AND SO IT BEGINS

January 04, 2013  •  Leave a Comment

New Years Day! It started with all the promise of a fresh start, a clean slate and earnest new (and not so new) goals and resolutions. It's been a tradition for me to go out every New Years morning, while the family sleeps in, to see as many birds as I can to and start the year off on the right foot. Well, except for the year I had to work, because the world was supposed to come to a crashing end, ... Y2K. 

I've had some memorable New Years Day sightings, like the frigid morning when a Saw Whet Owl sat out on the outer branches of a cedar tree basking in the bright sun, or finding a great new spot, where loons and mergansers dove for crabs right in front of me, at a marina just a few minutes from my home. I hoped this year held the something memorable. I checked my fully stocked feeders in the pale dawn light, just a couple goldfinch, and headed out. As I drove through town, I saw a silhouette atop a phone pole, the first test of my commitment. With no one out and about, I backed up and trained my binoculars on the bird shape, a starling! @#$%*. 

As I pulled into Hole in the Wall Beach, the sun broke through the clouds. I scanned the waters of Niantic Bay and my list began in earnest, RB Merg, Horned Grebe, the three common gulls, Common Loon, Common Goldeneye ..... nothing uncommon. Then, a sharp raspy call broke the still morning air, as a Common Raven worked it's way along the closed off boardwalk. Well, that's uncommon.

As I drove on, my sights were set high, maybe I could get 70. But the clouds thickened, the winds increased and with each new stop that number slipped farther away. My three known screech owl holes, nothing, my Barred Owl haunt, nope. I found some Rusty Blackbirds near a roadside in Lyme, but as I was slowly driving past them, debating wether or not to try for pictures, a beautiful Red-shouldered Hawk flew from an eye-level perch on the opposite side of the road. Time to move on.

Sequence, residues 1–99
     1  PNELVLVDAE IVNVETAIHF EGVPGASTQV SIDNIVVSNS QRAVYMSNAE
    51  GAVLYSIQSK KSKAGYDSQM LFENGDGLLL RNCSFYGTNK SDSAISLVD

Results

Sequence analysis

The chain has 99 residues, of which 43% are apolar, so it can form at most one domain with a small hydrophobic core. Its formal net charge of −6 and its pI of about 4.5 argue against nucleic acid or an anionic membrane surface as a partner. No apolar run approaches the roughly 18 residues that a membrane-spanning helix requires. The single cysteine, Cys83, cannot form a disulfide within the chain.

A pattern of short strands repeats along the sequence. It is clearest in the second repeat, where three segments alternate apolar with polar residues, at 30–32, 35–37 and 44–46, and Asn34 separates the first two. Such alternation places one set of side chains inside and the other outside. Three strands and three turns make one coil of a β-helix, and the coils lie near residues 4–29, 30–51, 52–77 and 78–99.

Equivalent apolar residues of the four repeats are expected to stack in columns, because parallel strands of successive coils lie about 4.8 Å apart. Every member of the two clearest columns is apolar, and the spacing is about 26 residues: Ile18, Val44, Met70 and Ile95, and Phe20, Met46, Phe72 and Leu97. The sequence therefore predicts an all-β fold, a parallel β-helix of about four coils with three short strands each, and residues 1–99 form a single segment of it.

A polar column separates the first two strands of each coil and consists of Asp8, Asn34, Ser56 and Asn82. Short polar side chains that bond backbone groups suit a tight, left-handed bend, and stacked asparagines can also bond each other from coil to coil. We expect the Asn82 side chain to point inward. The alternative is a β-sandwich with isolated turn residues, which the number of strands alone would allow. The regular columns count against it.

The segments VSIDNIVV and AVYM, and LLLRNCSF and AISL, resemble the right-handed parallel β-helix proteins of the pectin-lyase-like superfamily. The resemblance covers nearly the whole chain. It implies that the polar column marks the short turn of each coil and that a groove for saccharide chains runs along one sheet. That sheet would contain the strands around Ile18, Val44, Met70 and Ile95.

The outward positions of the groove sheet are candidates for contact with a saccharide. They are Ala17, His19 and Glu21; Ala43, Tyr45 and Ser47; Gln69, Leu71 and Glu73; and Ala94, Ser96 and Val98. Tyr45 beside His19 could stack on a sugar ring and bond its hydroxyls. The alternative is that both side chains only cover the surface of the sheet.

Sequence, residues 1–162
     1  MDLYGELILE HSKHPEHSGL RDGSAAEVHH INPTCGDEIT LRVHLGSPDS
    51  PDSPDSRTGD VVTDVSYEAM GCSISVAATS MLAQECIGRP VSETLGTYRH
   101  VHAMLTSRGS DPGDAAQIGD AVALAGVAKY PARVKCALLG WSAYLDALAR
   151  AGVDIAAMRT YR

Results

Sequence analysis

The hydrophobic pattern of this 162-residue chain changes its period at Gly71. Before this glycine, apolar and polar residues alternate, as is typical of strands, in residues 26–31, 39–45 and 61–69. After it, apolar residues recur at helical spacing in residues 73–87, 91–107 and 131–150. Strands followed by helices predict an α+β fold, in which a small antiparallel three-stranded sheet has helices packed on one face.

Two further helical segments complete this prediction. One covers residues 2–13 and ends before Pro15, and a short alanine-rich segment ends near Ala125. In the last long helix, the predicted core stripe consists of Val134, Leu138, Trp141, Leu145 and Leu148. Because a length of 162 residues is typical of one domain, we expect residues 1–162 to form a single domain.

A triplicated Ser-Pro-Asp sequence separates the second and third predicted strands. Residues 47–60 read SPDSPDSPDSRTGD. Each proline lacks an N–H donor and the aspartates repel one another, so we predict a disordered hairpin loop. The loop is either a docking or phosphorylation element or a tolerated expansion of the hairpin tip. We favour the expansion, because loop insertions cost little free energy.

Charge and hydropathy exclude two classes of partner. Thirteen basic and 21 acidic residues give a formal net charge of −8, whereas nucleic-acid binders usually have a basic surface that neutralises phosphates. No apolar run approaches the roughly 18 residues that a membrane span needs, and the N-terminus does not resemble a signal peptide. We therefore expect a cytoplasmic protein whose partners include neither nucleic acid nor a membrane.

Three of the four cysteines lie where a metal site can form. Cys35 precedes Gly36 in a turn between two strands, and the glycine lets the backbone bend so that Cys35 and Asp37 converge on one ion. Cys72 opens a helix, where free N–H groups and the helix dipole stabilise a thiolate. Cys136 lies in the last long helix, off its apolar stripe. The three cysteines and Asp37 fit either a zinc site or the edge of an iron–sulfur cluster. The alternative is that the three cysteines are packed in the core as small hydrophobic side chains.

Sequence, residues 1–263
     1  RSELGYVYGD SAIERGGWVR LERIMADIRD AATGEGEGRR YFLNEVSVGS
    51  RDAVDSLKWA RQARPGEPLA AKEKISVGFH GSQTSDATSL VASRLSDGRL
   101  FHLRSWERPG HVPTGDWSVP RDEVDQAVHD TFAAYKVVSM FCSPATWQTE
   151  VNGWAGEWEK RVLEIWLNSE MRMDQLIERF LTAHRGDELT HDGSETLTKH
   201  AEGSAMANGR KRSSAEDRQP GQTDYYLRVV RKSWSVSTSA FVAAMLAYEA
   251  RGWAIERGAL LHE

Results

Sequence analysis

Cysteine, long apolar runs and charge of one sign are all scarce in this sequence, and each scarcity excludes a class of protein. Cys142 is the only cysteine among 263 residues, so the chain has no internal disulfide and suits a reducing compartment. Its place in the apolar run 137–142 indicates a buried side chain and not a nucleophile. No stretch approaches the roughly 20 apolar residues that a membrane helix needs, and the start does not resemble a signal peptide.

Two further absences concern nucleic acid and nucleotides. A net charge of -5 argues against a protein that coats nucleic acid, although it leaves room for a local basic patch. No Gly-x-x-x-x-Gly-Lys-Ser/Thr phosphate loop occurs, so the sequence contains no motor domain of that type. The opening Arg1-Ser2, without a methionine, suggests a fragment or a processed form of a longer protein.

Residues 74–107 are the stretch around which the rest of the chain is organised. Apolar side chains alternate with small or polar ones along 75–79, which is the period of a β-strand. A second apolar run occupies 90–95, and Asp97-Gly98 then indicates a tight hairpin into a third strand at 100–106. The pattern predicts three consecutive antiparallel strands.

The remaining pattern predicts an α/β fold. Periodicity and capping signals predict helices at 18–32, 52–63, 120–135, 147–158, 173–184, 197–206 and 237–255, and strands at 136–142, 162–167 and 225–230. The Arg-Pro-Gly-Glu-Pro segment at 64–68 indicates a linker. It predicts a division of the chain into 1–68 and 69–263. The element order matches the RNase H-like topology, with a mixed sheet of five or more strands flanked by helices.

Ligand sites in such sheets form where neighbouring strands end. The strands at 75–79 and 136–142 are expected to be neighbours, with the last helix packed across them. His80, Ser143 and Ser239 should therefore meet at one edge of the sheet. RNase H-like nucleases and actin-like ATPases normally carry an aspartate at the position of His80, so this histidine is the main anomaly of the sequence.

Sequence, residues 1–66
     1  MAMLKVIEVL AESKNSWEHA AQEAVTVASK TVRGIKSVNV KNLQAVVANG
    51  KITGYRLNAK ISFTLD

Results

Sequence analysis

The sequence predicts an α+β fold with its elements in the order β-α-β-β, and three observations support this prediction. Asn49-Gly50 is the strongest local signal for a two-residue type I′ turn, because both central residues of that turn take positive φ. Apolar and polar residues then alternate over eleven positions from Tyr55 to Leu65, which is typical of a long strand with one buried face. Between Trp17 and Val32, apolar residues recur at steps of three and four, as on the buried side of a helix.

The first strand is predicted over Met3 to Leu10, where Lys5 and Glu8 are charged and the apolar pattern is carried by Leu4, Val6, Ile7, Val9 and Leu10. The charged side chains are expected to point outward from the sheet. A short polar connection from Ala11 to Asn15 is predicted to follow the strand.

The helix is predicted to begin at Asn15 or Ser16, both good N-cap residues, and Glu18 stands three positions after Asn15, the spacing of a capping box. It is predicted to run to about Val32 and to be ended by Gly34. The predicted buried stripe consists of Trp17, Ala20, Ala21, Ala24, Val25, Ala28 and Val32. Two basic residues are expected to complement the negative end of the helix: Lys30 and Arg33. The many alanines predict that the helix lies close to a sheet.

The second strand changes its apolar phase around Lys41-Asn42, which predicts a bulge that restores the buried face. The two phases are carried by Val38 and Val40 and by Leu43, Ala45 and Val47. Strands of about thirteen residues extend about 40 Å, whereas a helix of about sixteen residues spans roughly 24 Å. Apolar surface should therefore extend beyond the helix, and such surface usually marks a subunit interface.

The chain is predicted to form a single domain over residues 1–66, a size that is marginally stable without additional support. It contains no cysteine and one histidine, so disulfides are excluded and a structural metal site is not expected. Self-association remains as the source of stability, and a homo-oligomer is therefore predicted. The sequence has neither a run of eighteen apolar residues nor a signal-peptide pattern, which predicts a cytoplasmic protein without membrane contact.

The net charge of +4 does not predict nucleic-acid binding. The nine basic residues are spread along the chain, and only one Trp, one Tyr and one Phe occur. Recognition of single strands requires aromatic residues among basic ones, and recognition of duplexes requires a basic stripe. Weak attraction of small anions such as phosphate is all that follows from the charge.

I stopped in Old Lyme, where I had seen a Bald Eagle pair the day before. Nothing doing. A nice gentleman from the house across the street came out and we exchanged New Years greetings and chatted about the birds on the river. I heard a kingfisher but couldn't see it so it didn't count. As we chatted, an adult eagle flew over the distant trees, then a juvenile flew right over our heads. 

Moving westward, over the Baldwin Bridge, Peregrine Falcon, check, Okay, on a bit of a roll. I decided to look for a reported Iceland Gull on the Madison Guilford line. Nothing, still not even a Red-throated Loon. As I scanned the water with my binoculars a distant flock of white birds appeared to be flying in off the sound. I took my binoculars away and could not even see them. After relocating them in my bins, I realized they were Snow Geese. I tracked them for several minutes as they flew directly towards me, and finally got my camera out and blasted away for thirty seconds or so as they flew past. Those were the only pictures I took on the day.

 

Still no Iceland Gull, so I headed back to Hammonasset, my last shot at a respectable showing. Epic Fail. No crossbills, redpolls, nothing on the water, a disaster, only a few Sanderlings, RB Nuthatch and a distant flock of Dunlin that flew up when duck hunters let loose. I headed home by 1 p.m. in disappointment, no red-tails, red-throated loon, red-bellied woodpecker. I kept and eye on my feeders for the rest of the day, but missed the Carolina Wren and WB Nuthatches that visit daily. A dismal start, 50 birds. I did see that someone reported seeing a flock of 11 Snow Geese, with a single neck-banded bird, in Madison and the same group later in East Haven. Somehow I picked up an extra bird in the middle of the trip.


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